Chromium: The light inside
by Jesús Silva
- Bujar Alimani delivers a meditative family drama about self-affirmation, the search for independence and the process of growing up within a dysfunctional family
World-premiered at the 2015 Karlovy Vary International Film Festival, in the East of the West section, Chromium [+see also:
interview: Bujar Alimani
film profile] by Albanian filmmaker Bujar Alimani is now screening at the 15th edition of the Brussels Mediterranean Film Festival (4-11 December). Alimani’s second feature, a co-production between Albania, Germany, Greece and Kosovo, is a coming-of-age movie that unfolds within a larger family drama, dealing with common themes found in the genre, such as the rebellious transition to adulthood and the conflict with parental figures at the core of a humble and dysfunctional family. The film, produced by Alimani and Thanos Anastopoulos, received financial support from the Serbian National Film Center and the Kosovo Film Centre.
Fifteen-year-old Adi (Fredjon Ruci) is a silent boy who lives on the outskirts of a mining town in Northern Albania, where he shares a small house with his younger stepbrother, Denis (Denis Shira), and their deaf-mute mother (Klodjana Keco). After having lost two husbands, the latter is now trying her best to provide for her children while starting a new relationship with an attentive and devoted lover, Kujtim (Kasem Hoxha), who also wants to help the family. Nevertheless, the jealous temper of the young protagonist, and his belligerent growth into manhood, brings conflict into the equation. As a way of showing his independence and assertiveness, Adi decides to drop out of school and start working in the local mines, a job that is both illegal and physically demanding, making the grim situation of the family even more complicated. In the process, he gets closer to a young and attractive female teacher (Mirela Naska), who becomes his guide and a shoulder to lean on throughout his personal rebellion, leading him to understand that the path he wishes to follow may have some negative consequences.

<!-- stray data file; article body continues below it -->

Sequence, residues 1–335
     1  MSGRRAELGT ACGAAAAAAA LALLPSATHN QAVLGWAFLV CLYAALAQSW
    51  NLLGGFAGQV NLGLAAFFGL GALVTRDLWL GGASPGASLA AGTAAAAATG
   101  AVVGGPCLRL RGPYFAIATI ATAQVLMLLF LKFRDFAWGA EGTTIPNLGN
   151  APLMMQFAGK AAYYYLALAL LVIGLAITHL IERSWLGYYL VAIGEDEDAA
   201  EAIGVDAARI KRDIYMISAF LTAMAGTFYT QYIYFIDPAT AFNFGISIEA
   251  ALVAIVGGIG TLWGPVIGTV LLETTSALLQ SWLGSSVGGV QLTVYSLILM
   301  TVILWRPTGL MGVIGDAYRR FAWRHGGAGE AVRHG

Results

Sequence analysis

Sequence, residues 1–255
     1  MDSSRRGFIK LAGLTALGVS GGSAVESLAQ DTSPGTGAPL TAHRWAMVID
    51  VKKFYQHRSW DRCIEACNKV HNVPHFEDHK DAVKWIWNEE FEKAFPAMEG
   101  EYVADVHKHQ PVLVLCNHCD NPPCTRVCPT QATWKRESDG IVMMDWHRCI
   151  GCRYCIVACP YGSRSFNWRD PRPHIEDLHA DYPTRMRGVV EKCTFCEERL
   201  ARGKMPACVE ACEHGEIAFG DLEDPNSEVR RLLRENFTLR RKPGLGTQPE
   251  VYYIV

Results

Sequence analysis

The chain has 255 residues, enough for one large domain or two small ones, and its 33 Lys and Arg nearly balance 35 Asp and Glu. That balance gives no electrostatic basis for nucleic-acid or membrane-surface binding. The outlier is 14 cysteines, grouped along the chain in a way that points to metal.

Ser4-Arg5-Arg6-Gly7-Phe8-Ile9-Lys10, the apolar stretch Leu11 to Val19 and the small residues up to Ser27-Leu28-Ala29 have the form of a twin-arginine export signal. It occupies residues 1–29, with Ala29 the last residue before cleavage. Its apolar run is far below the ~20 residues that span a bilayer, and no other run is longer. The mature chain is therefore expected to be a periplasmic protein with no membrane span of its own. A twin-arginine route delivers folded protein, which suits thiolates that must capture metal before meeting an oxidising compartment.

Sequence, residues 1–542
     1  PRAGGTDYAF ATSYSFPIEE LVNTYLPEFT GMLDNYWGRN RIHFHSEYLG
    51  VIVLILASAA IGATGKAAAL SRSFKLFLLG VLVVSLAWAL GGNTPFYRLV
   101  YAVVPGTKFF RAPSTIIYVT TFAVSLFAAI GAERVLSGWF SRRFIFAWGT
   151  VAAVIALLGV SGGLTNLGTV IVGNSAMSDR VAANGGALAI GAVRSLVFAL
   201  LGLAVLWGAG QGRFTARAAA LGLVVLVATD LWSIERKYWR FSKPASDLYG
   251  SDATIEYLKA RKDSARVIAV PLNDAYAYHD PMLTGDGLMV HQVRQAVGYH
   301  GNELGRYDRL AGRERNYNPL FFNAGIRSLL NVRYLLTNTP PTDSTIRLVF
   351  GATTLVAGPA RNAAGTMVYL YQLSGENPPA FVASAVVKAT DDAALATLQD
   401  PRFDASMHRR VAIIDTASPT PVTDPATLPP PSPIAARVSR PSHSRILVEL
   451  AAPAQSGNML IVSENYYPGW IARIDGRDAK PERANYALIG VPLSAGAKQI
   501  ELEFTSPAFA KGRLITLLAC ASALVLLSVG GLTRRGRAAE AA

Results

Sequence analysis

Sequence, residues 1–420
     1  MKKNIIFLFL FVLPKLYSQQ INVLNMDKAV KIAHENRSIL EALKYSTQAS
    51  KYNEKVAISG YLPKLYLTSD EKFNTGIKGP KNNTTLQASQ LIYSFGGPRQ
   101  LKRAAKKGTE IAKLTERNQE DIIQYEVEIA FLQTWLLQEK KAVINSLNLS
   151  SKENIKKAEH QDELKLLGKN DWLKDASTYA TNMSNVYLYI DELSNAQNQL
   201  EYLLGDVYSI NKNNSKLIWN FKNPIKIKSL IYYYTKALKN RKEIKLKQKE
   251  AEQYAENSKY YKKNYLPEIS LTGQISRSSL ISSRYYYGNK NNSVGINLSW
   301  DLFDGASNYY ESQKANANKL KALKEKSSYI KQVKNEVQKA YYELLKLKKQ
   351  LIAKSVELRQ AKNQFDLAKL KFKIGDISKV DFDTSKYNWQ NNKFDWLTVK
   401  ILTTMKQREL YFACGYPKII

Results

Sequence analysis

Although the topic is far from original, the atypical setting and the strong poetics of the film –in terms of both its narrative and its photography – make Chromium a highly interesting piece of work. It is definitely a rare depiction of what it means to grow up in such conditions in a particular region of Albania, following the personal story of a family that is trying “to get away from this harsh reality that they live through every day”, according to the director himself (watch the interview). The movie is full of metaphors and allegorical places, such as the dark chromium that hides small pieces of gold (“If we venture inside the characters’ souls, we find the light”) and the soothing lake, which becomes a private oasis for the two siblings, “a place where they feel free”, as Alimani explained. The powerful cinematography, entrusted to Ilias Adamis, who uses long and suggestive shots, is a great example of contemplative storytelling, where actions and facial expressions – and how they reflect inner thoughts – become much more important than the film’s sparse dialogue.